Sunday, June 25, 2023–12:23 p.m.
-Adam Carey, Rome News-Tribune-
The SPLOST Citizens Advisory Committee rejected on Thursday a $20 million water park project for inclusion in the package that will be placed on the November ballot.
The committee is sifting through $175 million worth of projects proposed for funding with a 1-cent special purpose local option sales tax that could bring in up to $90 million at most.
Chairman Bob Berry requested that committee members vote on the water park project first, due to the cost of the request.
“The water park would take a huge part of the city’s SPLOST budget,” Berry said. “We need to address it first.”
The committee discussed the feasibility of the project, with some members pointing out that it’s the only project on the list that has the potential to bring in revenue.
Some members compared the water park to the Rome Tennis Center and the Rome Braves stadium, as projects that made sense mainly due to their economic impact in terms of visitor draw and hotel rooms sold.
However, many felt there were too many unknowns to the project — including staffing of lifeguards — and most were concerned with the $20 million price tag, saying that perhaps a private company could be brought in to build the park.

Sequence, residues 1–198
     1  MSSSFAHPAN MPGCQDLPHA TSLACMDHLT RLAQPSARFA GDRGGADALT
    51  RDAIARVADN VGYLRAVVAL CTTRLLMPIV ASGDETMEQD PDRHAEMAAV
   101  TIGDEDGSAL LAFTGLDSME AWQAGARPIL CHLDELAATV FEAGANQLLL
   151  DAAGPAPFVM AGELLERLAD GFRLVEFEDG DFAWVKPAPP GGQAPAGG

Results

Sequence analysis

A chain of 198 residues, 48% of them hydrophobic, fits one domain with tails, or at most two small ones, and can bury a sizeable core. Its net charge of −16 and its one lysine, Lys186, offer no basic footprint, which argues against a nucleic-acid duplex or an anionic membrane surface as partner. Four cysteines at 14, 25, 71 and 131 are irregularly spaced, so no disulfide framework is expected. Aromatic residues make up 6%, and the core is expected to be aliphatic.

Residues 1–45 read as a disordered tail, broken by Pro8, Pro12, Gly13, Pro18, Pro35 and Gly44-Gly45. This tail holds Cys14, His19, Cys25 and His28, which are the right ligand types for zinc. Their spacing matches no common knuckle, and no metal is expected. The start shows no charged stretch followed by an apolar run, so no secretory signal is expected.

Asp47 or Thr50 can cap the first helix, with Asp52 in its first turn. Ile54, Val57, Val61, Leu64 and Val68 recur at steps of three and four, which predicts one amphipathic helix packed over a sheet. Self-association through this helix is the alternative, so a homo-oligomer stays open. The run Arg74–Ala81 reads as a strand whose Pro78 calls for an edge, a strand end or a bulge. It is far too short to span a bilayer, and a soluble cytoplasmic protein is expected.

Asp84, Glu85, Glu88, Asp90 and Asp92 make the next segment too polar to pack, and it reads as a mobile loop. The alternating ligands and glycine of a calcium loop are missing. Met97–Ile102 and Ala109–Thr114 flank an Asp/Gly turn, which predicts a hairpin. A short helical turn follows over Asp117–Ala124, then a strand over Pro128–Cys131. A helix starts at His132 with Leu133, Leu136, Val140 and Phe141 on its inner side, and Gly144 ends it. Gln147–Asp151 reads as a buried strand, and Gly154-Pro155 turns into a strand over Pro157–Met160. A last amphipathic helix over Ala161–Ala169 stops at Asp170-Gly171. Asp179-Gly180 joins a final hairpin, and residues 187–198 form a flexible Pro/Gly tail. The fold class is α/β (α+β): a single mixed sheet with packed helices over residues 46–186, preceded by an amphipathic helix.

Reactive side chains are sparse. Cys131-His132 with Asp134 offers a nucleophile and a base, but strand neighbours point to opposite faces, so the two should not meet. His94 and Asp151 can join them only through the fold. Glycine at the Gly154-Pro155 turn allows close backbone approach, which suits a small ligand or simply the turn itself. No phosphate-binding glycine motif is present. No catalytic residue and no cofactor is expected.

The question of who would operate the park was also discussed.
“The county has no desire to be in the water park business with the city,” Floyd County Commissioner Scotty Hancock said. “From an operational perspective, we’ve already got our hands full with the Ag Center.”
A new agricultural center was the major driver of the 2017 SPLOST, with $8 million earmarked in that $63.8 million package.
Rome City Manager Sammy Rich also informed the committee that the water park project was not endorsed by a majority of the city commissioners, which further eroded support for the project.
“I’m also concerned about the timing,” committee member Jake Hager said. “People are very upset now about property tax increases, and they are telling me that.”
The project was proposed by Rome City Commissioner Bill Collins, who was acting as a private citizen not as a commissioner.
“I’m friends with Bill; he’s been talking about this for year,” said committee member Evie McNiece, a former city commissioner. “It’s a brave idea, and he’s very positive about it, but I don’t think it makes sense.”
The final vote was 10-3 against including the project in the package. The committee will meet again next week to, hopefully, finalize the list.
This story is possible because of a news-sharing agreement with the Rome News-Tribune. More information can be found at northwestgeorgianews.com: